6 June 2011
Social Studies 8 pd. 3
Civil Rights Essay
“Nonviolent resistance (or nonviolent action) is the practice of achieving socio-political goals through symbolic protests, civil disobedience, economic or political noncooperation, and other methods, without using violence.” During the Civil rights movement of the 50’s and 60’s, Civil Rights protesters used Nonviolent Resistance as their main strategy. I think it was a very effective strategy and that African Americans would not have won their rights without it. A classic example of this in the Greensboro, NC sit-in, when four young African American men sat down at a whites-only lunch counter in order to protest the segregation of eating facilities throughout the south. Hot coffee was spilled on them and cigarettes were put out on their necks, but they sat peacefully until they were arrested. If the four men had fought back, it would have begun an all-out riot. Then newspapers in the North would say that blacks were starting violence in the South. If that were to happen, then African Americans would lose the North’s sympathy, one of the things they needed most for bills to be passed in their favor. By remaining nonviolent in this situation, the four men were portrayed in newspapers as victims, not as perpetrators. This earned them the nation’s sympathy.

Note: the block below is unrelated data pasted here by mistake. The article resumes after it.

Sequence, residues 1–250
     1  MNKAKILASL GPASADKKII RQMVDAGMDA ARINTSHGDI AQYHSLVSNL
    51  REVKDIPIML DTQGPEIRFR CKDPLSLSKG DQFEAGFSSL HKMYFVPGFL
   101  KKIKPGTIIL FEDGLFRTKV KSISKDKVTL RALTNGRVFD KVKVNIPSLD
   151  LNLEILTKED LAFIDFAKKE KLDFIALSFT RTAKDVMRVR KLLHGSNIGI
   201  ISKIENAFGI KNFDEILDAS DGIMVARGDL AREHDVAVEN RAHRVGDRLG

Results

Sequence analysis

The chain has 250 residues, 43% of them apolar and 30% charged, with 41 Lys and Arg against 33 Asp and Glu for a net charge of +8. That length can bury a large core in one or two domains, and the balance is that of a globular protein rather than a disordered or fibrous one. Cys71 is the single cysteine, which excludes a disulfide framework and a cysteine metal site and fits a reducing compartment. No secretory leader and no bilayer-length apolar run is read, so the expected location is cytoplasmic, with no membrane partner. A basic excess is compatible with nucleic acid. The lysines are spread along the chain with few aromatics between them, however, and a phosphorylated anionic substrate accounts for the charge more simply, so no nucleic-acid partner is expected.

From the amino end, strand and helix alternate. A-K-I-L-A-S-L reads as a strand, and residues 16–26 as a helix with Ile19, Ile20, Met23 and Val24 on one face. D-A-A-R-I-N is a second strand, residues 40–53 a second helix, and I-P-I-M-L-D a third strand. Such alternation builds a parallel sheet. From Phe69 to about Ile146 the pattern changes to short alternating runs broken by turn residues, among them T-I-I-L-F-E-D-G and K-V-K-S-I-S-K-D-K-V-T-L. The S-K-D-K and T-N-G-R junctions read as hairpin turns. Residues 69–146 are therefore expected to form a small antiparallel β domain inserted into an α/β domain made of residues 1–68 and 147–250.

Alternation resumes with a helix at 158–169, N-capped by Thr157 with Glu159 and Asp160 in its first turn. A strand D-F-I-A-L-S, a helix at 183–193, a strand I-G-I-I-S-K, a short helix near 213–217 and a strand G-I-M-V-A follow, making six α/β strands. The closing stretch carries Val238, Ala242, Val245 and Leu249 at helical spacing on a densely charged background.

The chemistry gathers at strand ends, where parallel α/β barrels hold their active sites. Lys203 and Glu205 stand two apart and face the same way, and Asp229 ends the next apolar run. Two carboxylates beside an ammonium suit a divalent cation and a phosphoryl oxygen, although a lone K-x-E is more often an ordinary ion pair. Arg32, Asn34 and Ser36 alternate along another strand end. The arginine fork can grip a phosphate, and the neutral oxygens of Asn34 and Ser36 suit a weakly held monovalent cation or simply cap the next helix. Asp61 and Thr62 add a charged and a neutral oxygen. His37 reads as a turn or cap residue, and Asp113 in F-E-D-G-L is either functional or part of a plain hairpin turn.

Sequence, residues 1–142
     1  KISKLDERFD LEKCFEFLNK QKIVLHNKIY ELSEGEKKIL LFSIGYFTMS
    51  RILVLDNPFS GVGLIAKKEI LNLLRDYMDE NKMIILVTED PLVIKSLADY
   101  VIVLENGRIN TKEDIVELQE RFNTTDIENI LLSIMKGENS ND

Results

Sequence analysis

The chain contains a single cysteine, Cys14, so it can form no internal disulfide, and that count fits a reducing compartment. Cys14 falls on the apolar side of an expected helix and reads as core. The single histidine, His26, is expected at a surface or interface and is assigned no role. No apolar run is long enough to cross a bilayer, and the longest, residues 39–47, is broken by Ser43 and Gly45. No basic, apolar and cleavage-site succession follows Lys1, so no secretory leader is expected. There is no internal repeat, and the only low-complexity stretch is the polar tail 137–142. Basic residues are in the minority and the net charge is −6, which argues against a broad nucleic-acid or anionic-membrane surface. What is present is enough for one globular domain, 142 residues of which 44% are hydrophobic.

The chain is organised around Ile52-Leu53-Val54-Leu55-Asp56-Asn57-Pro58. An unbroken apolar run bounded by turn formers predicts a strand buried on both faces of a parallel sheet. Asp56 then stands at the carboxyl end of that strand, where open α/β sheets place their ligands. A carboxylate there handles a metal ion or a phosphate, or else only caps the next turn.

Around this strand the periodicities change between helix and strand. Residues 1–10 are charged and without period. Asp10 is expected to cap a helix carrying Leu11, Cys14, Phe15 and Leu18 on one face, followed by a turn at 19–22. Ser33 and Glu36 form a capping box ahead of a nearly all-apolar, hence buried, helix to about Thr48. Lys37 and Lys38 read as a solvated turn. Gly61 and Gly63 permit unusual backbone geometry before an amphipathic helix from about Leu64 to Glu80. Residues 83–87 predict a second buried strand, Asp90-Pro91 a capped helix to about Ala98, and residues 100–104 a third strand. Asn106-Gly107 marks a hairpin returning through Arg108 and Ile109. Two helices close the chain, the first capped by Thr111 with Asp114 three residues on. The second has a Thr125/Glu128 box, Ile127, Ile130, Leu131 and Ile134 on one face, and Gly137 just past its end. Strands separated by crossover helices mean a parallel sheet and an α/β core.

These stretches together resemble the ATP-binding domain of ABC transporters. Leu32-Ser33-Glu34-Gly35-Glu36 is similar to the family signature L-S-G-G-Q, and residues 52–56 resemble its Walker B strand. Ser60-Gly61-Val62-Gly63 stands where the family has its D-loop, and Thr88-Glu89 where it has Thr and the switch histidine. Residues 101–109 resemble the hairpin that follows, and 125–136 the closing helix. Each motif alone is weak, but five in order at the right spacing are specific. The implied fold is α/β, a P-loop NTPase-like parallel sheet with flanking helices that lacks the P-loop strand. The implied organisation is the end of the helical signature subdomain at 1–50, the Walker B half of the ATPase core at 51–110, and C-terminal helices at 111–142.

The media was the Civil Rights movement’s key weapon. If it hadn’t been for the media, politicians and Northerners would probably never have heard of some of the events that occurred during the Civil Rights movement. If politicians had not been aware of these events, laws would not have been passed protecting protesters and giving African Americans equal rights. If northerners had not heard of the events of the Civil Rights movement, then few would have come to the south to support the cause. All of the front page attention made civil rights a national issue rather than a southern one. The Klan had...